Juniper (Juniperus spp.) - Pear Trellis Rust
Pear (Pyrus spp.) - Pacific Coast Pear Rust
Cause Gymnosporangium sabinae (sometimes referred to as G. fuscum), a fungus. The disease affects pear and juniper, which is the alternate host of the fungus. The disease was established only in southern British Columbia and Contra Costa County, CA. Then it was found on pear in the Bellingham, WA area just south of the Canadian border in 1997. Since then the disease has been commonly found on pear leaves in western Washington. Found in western Oregon on pear starting in 2016 (Benton, Clackamas, and Marion, and Multnomah counties only). As of 2018, the disease has not been a problem in commercial orchards in any PNW locations including BC.
Telia are extruded from Juniper galls during wet weather in early spring. Basidiospores are dispersed at night to rosaceous hosts such as pear causing an annual infection. Aecia form on the underside of leaves late summer and into the fall. Aeciospores are dispersed to nearby junipers in the fall causing a perennial infection.
Flowering pear (Bradford) and Asian pears are susceptible as well as fruiting pears. Most popular ornamental junipers are susceptible such as J. chinensis, J. sabina, J. scopulorum, and J. virginianna.
Symptoms Yellow to bright orange leaf spots appear on leaves, fruit, twigs, and branches of pear. Occasionally, infected fruit mummifies and falls to the ground. Leaf lesions can grow together and cover much of the leaf surface when the disease is severe. These symptoms occur in spring and can be confused with other rust species. Unlike other rusts, acorn-shape aecia form on the lower leaf surface. They are up to 6 mm high and rupture along lateral slits. Aecia can develop by mid-June and into the fall and again another growing season if on perennial parts of tree.
- Eliminating either host is the only practical cultural control. If pear is the important plant, remove all juniper from a 1,000-ft radius.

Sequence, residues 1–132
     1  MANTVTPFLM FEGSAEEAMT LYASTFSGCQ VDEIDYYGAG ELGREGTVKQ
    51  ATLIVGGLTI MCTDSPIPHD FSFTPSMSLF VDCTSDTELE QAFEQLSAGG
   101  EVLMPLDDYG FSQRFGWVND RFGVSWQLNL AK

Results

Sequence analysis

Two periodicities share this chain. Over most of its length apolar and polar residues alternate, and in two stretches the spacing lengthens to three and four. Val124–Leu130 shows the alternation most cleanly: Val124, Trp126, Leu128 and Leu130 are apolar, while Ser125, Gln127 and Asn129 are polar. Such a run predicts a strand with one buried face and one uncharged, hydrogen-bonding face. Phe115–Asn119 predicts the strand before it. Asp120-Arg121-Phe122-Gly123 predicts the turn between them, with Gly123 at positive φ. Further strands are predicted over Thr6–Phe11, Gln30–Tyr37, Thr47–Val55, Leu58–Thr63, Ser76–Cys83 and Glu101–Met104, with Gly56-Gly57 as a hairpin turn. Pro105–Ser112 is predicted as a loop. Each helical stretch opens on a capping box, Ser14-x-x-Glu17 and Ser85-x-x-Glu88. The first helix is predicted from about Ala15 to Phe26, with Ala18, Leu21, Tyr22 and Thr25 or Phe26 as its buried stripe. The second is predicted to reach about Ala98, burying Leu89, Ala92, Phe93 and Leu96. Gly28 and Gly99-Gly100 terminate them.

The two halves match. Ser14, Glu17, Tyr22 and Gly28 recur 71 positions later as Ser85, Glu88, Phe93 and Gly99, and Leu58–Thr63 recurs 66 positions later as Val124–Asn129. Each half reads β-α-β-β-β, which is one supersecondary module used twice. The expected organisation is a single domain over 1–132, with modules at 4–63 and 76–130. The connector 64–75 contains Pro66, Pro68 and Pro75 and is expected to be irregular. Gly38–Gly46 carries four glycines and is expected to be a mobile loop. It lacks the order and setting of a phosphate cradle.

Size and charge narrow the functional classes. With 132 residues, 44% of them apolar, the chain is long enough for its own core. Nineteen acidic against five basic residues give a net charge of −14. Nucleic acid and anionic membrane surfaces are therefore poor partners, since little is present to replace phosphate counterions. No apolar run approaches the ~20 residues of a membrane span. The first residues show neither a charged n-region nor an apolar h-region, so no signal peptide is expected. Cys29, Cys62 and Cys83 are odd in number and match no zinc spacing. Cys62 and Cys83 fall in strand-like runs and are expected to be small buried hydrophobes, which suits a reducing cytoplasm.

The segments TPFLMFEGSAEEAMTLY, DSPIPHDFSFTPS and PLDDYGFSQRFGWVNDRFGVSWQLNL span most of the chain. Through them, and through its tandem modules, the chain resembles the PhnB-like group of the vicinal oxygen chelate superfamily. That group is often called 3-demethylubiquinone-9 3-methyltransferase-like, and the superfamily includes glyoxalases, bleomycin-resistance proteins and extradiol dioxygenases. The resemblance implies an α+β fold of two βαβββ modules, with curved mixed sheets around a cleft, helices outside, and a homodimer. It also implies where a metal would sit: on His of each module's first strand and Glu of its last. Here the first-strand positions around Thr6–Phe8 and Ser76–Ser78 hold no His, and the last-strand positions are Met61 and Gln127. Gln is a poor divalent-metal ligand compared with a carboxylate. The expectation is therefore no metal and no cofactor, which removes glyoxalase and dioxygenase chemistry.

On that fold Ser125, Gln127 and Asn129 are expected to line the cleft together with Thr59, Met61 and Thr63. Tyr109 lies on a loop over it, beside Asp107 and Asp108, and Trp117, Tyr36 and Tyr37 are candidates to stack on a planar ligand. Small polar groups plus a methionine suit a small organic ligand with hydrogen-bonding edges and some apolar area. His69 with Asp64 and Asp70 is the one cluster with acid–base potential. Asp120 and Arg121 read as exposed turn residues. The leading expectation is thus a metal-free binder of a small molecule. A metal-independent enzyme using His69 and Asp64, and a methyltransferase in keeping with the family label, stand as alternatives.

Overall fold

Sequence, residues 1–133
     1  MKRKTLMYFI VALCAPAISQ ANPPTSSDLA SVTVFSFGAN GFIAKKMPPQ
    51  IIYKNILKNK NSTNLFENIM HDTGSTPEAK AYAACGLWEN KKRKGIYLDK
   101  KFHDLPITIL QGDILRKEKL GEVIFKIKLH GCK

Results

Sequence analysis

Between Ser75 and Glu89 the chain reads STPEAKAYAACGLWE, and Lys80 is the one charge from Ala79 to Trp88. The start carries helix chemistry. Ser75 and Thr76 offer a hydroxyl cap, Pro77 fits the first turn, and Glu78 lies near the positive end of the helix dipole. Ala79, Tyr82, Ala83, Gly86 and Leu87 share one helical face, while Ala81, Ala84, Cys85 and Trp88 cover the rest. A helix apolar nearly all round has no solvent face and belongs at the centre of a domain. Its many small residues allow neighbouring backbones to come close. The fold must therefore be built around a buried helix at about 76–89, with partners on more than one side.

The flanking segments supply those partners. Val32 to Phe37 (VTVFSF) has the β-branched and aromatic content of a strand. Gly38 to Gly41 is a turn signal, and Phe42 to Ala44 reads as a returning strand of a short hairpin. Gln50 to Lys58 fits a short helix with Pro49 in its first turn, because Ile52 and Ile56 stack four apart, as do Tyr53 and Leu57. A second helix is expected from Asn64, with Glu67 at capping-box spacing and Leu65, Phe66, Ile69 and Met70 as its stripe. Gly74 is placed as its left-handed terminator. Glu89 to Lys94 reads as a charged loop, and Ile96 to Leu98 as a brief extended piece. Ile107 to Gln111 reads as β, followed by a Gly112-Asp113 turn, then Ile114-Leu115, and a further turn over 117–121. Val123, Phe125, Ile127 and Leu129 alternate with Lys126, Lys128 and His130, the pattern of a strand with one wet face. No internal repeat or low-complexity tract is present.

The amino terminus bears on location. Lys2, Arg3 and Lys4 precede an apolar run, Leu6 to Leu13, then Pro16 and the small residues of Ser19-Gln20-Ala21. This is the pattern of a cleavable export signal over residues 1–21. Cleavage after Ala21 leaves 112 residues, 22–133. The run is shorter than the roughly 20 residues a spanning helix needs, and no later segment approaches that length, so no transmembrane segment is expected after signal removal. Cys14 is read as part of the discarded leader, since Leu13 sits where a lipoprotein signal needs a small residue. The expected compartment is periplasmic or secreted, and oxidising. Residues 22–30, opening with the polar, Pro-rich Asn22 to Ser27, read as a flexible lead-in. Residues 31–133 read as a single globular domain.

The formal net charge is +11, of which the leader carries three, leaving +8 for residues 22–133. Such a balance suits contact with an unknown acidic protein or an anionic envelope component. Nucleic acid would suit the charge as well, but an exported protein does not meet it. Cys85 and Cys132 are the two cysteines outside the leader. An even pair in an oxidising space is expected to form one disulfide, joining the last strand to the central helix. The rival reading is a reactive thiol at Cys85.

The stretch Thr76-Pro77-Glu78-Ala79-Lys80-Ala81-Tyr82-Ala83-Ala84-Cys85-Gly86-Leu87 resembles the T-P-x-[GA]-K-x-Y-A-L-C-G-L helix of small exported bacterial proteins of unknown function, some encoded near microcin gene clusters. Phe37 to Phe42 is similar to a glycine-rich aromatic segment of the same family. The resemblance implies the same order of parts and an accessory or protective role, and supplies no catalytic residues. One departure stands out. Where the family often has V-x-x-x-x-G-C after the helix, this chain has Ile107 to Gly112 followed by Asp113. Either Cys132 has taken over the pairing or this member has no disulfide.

Chemical control The following do not specifically list pear rust but can be used to control the disease.
- Aprovia at 5.5 to 7 fl oz/A plus an adjuvant. Do not use within 30 days of harvest. Group 7 fungicide. 12-hr reentry.
- Flint Extra at 2.5 to 2.9 fl oz/A. Do not use within 14 days of harvest. 'Concord' grapes may be injured if accidentally sprayed. Group 11 fungicide. 12-hr reentry.
- Inspire Super at 12 fl oz/A. Do not apply within 14 days of harvest. Group 3 + 9 fungicide. 12-hr reentry.
- Fontelis at 16 to 20 fl oz/A. Do not use within 28 days of harvest. Group 7 fungicide. 12-hr reentry.
- Mancozeb products such as Dithane, Manzate Pro-Stick, or Penncozeb at 3 or 6 lb/A. Do not combine 6 lb/A prebloom or 3 lb/A all-season schedule. See label for details. Do not apply within 77 days of harvest. Group M3 fungicides. 24-hr reentry.
- Miravis at 3.4 fl oz/A. Do not use within 30 days of harvest. Group 7 fungicide. 12-hr reentry.
- Procure 480 SC at 8 to 16 fl oz/A. Do not apply within 14 days of harvest. Group 3 fungicide. 12-hr reentry.
- Tebucon 45 DF at 4 to 8 oz/A. It is unknown if there is a PGR effect on shape when using these products during bloom. Do not use within 75 days of harvest. Group 3 fungicide. 5-day reentry.
- Topguard at 8 to 12 fl oz/A. Do not use within 14 days of harvest. Group 3 fungicide. 12-hr reentry.
- Trionic 4 SC at 8 to 16 fl oz/A. Do not apply within 14 days of harvest. Group 3 fungicide. 12-hr reentry.
Note: Some registered products offer only suppression of this disease and thus are not recommended for use. These products include Merivon and Pristine.
Reference Ormrod, D.J., O'Reilly, H.J., Van Der Kamp, B.J., and Borno, C. 1984. Epidemiology, cultivar susceptibility, and chemical control of Gymnosporangium fuscum in British Columbia. Canadian Journal of Plant Pathology 6:63-70.